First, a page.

In the short term, OHPA might want to consider Audubon Certification as wildlife friendly by reducing pesticide and fertilizer use and using alternative approaches, which would balance environmental and recreational factors as many other courses around the country have done. That would make a lot of folks very happy, including perhaps the hundreds of property owners who rely on wells nearby which are potentially affected by the heavy pesticide use on the course that might be affecting groundwater quality. An Audubon Certification may actually have legal significance someday to protect Norwalk taxpayers from action by property owners (see North Stamford for widespread groundwater contamination issues).
    The current process using a potential commercial tenant to devise the much needed and long awaited Oak Hills Master Plan is full of conflicts. I have suggested that the city (not OHPA) fund at least $50,000 and perhaps up to $75,000 for a professional plan by a park landscape architectural planning firm (there are many) that includes ALL stakeholders on the advisory committee, which is the established process. The plan will pay for itself over just a few years in potential benefits including generating new funding sources including grants.
    I know this process well as I served on the Vets Park Master Plan Advisory Committee, offering my skills as a community activist, zoning commissioner, and licensed landscape architect, and my partner David Westmoreland who is currently Chair of the Historic Commission and also a licensed landscape architect served on the Cranbury Park Master Plan Advisory Committee.
    My position is not making me any friends on either side of this debate, and so be it. I see good intentions on both sides and compromise will be necessary by everyone to move forward. I said the same thing about the Vets Park Master Plan process, in that no one including me and all the other stakeholders on the committee, city officials, and the public got exactly what they wanted, but what we got was a very good plan backed up with a smart mostly civil process that INCLUDED the public.
    That is how you do park master plans.

  5. Debora

    Regardless of whether a master plan normally speaks to the capital plan, THIS master plan has to. That is what the lease calls for. (ARTICLE 1.01 (g) MASTER PLAN: The term “MASTER PLAN” refers to the written overall plan of development for the PARK as prepared by the AUTHORITY and approved by the CITY’s Zoning commission, Planning commission, Common council and Mayor. The approval process shall include a public hearing and, in addition, shall follow the procedure set out in section 8-24 of the Connecticut General Statutes. The Master Plan shall identify in detail the financing, phasing, time tables, planning, marketing,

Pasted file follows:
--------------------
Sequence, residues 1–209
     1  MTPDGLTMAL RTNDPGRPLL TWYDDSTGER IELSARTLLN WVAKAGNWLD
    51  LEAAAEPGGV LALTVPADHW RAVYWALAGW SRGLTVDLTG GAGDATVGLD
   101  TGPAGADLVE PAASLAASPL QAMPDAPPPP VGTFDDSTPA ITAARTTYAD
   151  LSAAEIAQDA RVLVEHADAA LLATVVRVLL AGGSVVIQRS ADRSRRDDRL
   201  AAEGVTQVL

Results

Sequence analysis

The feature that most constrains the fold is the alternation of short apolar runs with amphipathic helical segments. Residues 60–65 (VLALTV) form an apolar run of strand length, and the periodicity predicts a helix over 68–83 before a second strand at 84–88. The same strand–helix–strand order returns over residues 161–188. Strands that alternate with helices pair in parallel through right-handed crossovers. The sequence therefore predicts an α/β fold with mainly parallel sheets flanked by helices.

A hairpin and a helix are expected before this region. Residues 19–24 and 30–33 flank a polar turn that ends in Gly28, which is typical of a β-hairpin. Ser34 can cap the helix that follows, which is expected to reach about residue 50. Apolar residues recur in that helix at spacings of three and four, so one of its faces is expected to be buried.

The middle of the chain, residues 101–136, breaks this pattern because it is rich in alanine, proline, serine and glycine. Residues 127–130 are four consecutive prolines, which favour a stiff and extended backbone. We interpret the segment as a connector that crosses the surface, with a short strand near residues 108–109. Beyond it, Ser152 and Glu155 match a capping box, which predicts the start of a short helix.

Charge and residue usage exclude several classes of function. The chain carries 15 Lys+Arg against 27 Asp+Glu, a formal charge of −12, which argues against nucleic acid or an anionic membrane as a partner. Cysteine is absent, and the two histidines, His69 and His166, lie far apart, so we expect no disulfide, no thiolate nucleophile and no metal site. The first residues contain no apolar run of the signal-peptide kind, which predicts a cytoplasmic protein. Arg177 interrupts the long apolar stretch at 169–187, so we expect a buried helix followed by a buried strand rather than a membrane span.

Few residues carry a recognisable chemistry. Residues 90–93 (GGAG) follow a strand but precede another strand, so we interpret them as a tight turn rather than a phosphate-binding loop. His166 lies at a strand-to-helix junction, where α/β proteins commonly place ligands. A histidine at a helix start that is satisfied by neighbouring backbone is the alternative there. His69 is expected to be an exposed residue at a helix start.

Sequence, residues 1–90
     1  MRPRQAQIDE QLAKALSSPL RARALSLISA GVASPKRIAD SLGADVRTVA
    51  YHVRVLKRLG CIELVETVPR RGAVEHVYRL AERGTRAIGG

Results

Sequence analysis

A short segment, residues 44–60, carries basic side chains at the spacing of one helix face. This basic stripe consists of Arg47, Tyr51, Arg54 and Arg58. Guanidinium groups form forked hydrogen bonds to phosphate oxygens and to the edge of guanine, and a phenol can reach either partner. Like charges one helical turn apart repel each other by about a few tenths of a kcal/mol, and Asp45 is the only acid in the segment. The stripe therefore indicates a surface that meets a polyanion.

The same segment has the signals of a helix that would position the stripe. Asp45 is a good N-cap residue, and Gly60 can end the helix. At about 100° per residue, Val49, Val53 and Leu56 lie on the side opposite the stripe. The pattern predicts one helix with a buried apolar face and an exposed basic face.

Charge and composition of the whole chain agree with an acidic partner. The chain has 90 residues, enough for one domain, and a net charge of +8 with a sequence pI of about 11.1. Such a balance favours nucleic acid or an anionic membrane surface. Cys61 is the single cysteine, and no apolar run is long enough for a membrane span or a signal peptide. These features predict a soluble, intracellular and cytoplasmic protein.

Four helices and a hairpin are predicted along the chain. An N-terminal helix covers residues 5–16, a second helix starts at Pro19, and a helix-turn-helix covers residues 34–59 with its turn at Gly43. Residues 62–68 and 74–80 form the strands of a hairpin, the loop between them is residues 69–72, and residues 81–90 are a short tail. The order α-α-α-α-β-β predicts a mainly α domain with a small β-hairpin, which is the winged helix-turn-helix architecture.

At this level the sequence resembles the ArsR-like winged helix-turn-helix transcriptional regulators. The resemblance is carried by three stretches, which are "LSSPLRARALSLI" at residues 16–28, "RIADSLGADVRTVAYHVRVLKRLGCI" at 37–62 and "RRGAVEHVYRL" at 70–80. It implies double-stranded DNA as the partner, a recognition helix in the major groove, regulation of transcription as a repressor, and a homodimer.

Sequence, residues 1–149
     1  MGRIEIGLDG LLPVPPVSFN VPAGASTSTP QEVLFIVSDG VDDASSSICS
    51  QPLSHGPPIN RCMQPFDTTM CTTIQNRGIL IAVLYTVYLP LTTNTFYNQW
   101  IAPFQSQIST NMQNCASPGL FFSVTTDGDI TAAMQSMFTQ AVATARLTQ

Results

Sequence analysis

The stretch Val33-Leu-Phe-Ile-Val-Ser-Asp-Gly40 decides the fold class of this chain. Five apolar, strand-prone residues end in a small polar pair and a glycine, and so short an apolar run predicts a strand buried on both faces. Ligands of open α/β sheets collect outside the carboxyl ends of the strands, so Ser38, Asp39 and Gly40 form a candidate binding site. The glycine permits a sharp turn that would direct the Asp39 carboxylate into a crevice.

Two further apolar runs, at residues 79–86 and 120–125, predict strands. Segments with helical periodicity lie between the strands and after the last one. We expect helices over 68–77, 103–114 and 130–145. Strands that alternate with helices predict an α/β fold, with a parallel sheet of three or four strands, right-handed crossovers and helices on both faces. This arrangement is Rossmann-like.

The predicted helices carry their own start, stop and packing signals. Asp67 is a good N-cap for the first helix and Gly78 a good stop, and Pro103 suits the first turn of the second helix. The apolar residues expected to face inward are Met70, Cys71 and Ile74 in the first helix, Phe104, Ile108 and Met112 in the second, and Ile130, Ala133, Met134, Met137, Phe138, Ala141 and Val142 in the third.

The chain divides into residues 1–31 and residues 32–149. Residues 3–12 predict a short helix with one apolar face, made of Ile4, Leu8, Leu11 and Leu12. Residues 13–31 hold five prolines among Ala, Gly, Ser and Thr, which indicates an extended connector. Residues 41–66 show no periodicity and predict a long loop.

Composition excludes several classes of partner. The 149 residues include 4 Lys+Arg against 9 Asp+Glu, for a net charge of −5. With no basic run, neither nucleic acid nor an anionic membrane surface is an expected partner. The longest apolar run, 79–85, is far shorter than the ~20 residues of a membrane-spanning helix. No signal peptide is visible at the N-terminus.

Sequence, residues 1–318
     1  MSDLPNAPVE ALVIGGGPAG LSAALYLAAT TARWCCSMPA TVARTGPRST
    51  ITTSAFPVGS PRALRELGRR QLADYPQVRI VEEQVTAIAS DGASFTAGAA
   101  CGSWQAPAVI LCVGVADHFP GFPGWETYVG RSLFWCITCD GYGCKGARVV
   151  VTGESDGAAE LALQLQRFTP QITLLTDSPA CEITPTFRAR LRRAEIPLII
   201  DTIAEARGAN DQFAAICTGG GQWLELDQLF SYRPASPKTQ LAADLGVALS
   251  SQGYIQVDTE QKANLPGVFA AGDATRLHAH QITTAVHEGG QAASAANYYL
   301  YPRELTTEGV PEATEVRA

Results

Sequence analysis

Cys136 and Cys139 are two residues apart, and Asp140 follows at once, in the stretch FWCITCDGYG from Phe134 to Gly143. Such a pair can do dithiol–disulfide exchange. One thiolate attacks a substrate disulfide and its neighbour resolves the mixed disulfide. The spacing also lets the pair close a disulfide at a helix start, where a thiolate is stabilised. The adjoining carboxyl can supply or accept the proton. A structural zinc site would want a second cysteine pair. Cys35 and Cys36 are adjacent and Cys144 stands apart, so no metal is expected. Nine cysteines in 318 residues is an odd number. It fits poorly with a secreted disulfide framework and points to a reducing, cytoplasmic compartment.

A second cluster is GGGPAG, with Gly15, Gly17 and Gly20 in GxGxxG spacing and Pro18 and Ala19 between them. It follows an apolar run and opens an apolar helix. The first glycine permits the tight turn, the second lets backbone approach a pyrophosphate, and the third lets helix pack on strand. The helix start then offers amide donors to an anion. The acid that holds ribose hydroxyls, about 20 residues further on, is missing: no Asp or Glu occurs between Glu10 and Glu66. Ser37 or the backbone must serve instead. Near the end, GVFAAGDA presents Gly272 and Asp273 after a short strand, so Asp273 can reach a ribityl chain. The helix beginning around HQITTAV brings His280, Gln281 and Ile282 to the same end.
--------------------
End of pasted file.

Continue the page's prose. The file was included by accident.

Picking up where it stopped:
construction and other PARK development issues.)

    Given that OHPA is still paying off the debt secured to build a restaurant AND a driving range that wasn’t built (which the lease defines as the “IMPROVEMENTS”, all of the proposed capital work going forward is considered “ADDITIONAL IMPROVEMENTS” (ARTICLE 1.01 (e) ADDITIONAL IMPROVEMENTS shall denote, specifically, those IMPROVEMENTS constructed or installed following the completion of the MASTER PLAN and outside the scope thereof.)

    Lastly, while we are on the subject of legal and proper, the lease also calls for OHPA to be in compliance with all statutes, regulations, etc and the unremediated soil from the leaky tanks would appear to be a violation (unless already remedied?). The OHPA has been advised that the restaurant violates the terms of the state open space grant partly used to finance the purchase of the land, and there is no indication that steps have been taken to remedy that. The lease also requires that OHPA provide written progress reports every six months with respect to capital improvements. Have they done so since they put the driving range out to bid? (ARTILCE 5.01.11 The AUTHORITY shall advise the CITY of all progress concerning the implementation of the MASTER PLAN by the submission of a written progress report to the Department of
    Parks, Recreation and Building Management or its successor every six (6) months during the period when any PARK IMPROVEMENTS are
    being undertaken.)

  6. Mike Mushak

    Debora, that’s very interesting! I have the OHPA charter info from the city website under City Charter, but is the lease you refer to online also? I’d love to see it as it is much more detailed about the process than anything else I’ve seen. It says quite clearly based on your post that the master plan must precede the driving range. Can’t argue with that! Hope we get a real plan and not a rush job!

  7. EDR

    Actually there is an existing master plan that was never approved that included all of the so called improvements that are being discussed. The plan without exhibits was included with the strategic plan. Folks seem to forget that. Speculation is an interesting exercise. Everyone is entitled to their own opinion but not their own facts. I suggest that folks read up on all of the research first to get the facts first rather than speculating on what needs to be done. I am sure that the OHPA will provide you with the latest research on the master plan status if you ask.

  8. Debora

    Respectfully…who is creating their own facts? The master plan report you refer to, along with its exhibits (which are a number of maps, a soils report and a traffic study circa 2003 states that in order for the construction to take place, all of the appropriate approvals must be in place, yet much of the work was done in the period from 1999 to 2004 without those approvals. It, too, fails to speak to financing, as called for in the lease.